Celebrations at three campus locations and a special Town Hall meeting marked the continuing fanfare over Stony Brook University being selected as the anchor institution of The New York Climate Exchange.
The world-leading climate solutions center will be located on Governors Island in New York City, and will develop solutions to the global climate crisis while acting as a hub for New Yorkers to benefit from the rapidly evolving green economy.
President Maurie McInnis hosted the Town Hall meeting on April 26, the day after New York City Mayor Eric Adams made the historic announcement. Moderated by SBU alumnus Craig Allen ’79, chief meteorologist for WCBS-880, the meeting’s panel also included Associate Dean for Research and Associate Professor Kevin Reed of the School of Marine and Atmospheric Sciences (SoMAS), Senior Vice President of Finance and Administration Jed Shivers, and Keith O’Connor, principal of the architecture firm Skidmore, Owings & Merrill (SOM), which conceived the design and operations of The Exchange.
“Setting ambitious goals, responding to society’s greatest needs and propelling our university to even higher levels of excellence is the Stony Brook way, and it’s why we’re here today,” said McInnis. “We’ve proven a lot of things in this process. We’ve proven that we had the courage and the heart to take on bold challenges, that we are unafraid to take risks, and that we are dedicated to making a change in our community and in the world beyond.”
Reed said The Exchange will focus on end-to-end research and technology acceleration, with the challenge of converting ideas into potential solutions that are scalable not only for New York City communities, but beyond.
“By scaling these existing programs we can help the green workforce be implemented sooner and faster, because we really need this in order for New York to meet its climate goals,” Reed said. “What Stony Brook is going to get to invest is our ideas, our passions, and our problem-solving skills.”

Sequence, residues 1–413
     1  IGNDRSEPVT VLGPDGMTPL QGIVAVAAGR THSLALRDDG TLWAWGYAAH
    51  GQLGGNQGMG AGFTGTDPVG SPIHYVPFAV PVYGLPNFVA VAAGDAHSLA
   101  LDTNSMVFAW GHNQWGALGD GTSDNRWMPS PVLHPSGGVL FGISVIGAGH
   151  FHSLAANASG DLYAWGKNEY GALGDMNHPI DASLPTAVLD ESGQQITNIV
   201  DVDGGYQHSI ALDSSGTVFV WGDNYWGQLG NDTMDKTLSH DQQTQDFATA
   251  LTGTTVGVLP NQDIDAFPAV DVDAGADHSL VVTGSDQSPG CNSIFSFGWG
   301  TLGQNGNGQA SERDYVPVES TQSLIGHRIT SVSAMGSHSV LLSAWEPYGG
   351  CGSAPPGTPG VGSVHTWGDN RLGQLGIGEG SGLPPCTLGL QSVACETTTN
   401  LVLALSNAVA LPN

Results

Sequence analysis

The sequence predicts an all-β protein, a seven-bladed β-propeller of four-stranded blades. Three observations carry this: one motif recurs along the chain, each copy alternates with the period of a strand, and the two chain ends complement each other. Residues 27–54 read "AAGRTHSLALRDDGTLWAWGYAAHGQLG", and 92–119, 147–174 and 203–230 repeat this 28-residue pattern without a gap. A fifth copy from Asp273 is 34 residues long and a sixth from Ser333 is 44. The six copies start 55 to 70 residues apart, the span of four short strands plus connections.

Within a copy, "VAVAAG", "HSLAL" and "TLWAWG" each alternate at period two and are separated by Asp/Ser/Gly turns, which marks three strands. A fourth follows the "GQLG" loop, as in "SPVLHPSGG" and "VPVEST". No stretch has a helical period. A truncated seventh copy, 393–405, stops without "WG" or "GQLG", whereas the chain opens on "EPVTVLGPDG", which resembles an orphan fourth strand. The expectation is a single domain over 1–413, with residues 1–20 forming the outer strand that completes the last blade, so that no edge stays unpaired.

The Trust for Governors Island through the City of New York is committing $100 million to the project, and remaining monies for construction and operations will come from partners, grants and philanthropic donations. The Simons Foundation, together with Simons Foundation International, have pledged a total of $100 million as matching gift support for The Exchange – the second-largest gift in Stony Brook’s history. Additionally, Bloomberg Philanthropies has announced a $50 million contribution to the project.
Shivers noted that The Exchange is a separate and distinct charitable organization licensed to do business in the state of New York with its own assets and liabilities, along with its own board of directors, which represent the participating higher education institutions, corporations and other organizations. “No Stony Brook University funds shall be utilized as part of the capital that needs to be raised to do the design or the construction work or support the initial operating expenses,” Shivers said.
After the Town Hall, the celebration began on the Academic Mall, where a Shagbark Hickory tree — an original Governors Island nut tree species — was planted in a dedication ceremony. The festivities also included music, refreshments and succulent plant giveaways. Similar celebrations took place at Stony Brook Southampton and the MART building on East Campus after they hosted the Town Hall livestream.
Summarizing Stony Brook’s ambition in leading such a groundbreaking and important venture, McInnis noted the sense of urgency that exists surrounding the issue of climate change.
“The last decade has made us all acutely aware of critical challenges, especially at the forefront of climate change,” she said. “Stony Brook, working collaboratively with many partners, has answered that call.”
View a gallery of images from this week’s events: